Stylianides also promised to consult people with disabilities and their representative organizations in designing and carrying out these initiatives, in line with the principle of “Nothing about us without us.”

“This is a real turning point in global efforts to ‘leave no one behind,’” said Shantha Rau Barriga, disability rights director at Human Rights Watch. “If the EU makes these changes, it could improve the lives of millions of people with disabilities who need aid in emergency situations around the world.”

The EU has a clear responsibility to include people with disabilities in the humanitarian operations it funds, the groups said. The United Nations Convention on the Rights of Persons with Disabilities, ratified by the European Union, requires the EU to ensure the protection and safety of people with disabilities in situations of risk and humanitarian emergencies without discrimination. In addition, the EU has endorsed the Charter on Inclusion of Persons with Disabilities in Humanitarian Action, making a commitment to eliminate discrimination against people with disabilities in aid programming and policy, and to ensure that people with disabilities have access to aid and services.

To bring the voices of refugees with disabilities to policymakers in the EU, the European Disability Forum, Human Rights Watch, and the Disability Intergroup of the European Parliament organized a roundtable panel in the European Parliament in March. At the event, Nujeen Mustafa, a young refugee with a disability from Syria, addressed Commissioner Stylianides: “It’s kind of a sad fact that in the 21st century, toilets and basic services are considered a luxury for some people. All of us, and especially people with disabilities, deserve much better.”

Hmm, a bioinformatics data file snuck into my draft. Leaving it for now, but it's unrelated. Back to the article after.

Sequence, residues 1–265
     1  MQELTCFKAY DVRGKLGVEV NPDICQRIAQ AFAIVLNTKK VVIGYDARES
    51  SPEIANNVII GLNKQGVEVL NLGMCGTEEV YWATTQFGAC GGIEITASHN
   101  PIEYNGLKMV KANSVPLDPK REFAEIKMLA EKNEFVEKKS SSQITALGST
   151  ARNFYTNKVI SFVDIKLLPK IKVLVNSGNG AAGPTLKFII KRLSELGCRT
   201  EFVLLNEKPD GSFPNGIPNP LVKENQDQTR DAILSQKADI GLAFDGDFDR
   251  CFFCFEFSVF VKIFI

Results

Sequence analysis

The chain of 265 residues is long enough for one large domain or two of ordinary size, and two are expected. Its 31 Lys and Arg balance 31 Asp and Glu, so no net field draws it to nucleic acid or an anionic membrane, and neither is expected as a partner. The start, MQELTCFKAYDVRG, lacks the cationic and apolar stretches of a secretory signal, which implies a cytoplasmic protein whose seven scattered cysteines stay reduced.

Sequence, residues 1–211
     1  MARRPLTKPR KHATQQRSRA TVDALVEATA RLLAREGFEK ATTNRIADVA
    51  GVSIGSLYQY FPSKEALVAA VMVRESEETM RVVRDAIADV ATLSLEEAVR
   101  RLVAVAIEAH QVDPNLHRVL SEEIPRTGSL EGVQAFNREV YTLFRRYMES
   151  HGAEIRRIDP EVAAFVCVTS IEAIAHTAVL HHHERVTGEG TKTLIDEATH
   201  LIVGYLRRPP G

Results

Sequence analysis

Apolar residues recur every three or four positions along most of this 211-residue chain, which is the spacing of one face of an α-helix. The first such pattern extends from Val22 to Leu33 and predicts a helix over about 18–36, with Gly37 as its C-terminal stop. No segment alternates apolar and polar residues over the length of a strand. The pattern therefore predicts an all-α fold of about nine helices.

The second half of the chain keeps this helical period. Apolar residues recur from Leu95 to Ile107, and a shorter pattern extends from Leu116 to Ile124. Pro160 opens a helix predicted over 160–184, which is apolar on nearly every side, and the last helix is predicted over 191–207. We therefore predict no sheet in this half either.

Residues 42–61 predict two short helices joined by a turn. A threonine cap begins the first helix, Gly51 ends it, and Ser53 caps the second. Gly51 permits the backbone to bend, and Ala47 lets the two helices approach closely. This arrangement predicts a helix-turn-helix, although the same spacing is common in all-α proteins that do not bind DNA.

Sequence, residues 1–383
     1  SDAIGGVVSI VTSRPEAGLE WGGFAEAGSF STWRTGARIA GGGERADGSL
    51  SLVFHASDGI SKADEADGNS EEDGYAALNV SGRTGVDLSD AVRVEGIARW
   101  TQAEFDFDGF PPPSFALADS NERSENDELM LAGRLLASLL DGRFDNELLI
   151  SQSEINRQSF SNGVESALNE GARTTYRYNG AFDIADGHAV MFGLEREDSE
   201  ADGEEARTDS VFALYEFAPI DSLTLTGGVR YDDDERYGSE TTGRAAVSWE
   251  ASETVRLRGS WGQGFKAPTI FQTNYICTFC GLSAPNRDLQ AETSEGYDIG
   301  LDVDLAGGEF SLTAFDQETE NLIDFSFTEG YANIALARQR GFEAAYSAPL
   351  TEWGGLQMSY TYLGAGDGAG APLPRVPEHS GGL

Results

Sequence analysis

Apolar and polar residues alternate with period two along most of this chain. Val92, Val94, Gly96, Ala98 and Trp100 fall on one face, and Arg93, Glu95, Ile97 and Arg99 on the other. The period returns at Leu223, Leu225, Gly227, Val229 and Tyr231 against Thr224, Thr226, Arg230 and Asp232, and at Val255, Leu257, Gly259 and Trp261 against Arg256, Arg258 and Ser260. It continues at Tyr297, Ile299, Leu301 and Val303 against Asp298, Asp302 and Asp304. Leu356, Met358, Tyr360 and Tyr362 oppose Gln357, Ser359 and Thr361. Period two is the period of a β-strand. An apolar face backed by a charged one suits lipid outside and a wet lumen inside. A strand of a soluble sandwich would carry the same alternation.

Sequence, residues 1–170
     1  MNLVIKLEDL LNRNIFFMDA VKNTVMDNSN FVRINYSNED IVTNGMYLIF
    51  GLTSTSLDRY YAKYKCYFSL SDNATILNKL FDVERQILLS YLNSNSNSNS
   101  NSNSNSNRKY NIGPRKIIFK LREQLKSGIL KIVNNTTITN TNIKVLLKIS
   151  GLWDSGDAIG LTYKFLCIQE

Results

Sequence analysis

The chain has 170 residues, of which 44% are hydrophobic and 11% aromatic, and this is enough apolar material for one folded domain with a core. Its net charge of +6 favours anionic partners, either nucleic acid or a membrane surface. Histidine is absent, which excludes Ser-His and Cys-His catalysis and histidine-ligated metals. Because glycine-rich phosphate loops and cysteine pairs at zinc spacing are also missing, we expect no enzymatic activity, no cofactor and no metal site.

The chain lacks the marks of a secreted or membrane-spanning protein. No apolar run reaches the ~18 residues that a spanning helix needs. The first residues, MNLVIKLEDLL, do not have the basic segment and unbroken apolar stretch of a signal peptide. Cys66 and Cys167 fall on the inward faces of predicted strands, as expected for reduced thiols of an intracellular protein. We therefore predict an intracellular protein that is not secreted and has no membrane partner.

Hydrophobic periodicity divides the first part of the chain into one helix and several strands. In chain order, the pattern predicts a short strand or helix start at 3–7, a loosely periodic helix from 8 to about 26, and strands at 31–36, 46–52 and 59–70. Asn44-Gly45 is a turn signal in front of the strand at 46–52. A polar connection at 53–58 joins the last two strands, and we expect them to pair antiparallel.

While governments, donors, and aid agencies are overwhelmed with many competing priorities during emergencies, the needs and concerns of people with disabilities can and should be addressed right from the planning stage, the European Disability Forum, Human Rights Watch, and the Norwegian Refugee Council said. This should include making sure that aid workers, peacekeepers, and local and national authorities are sensitive to the rights and needs for protection of people with disabilities and strengthening the workers’ capacity and skills to identify and include people with disabilities in systems both for preparedness and response to emergency situations.

“As one of the world’s largest humanitarian donors, the European Union has tremendous potential to press its implementing partners to include people with disabilities in their activities and become a leader on the inclusion of people with disabilities in the humanitarian space,” said Edouard Rodier, Europe director of the Norwegian Refugee Council. “We call on all donor agencies to follow ECHO’s example and make sure that the needs of people with disabilities in crisis situations are no longer overlooked.”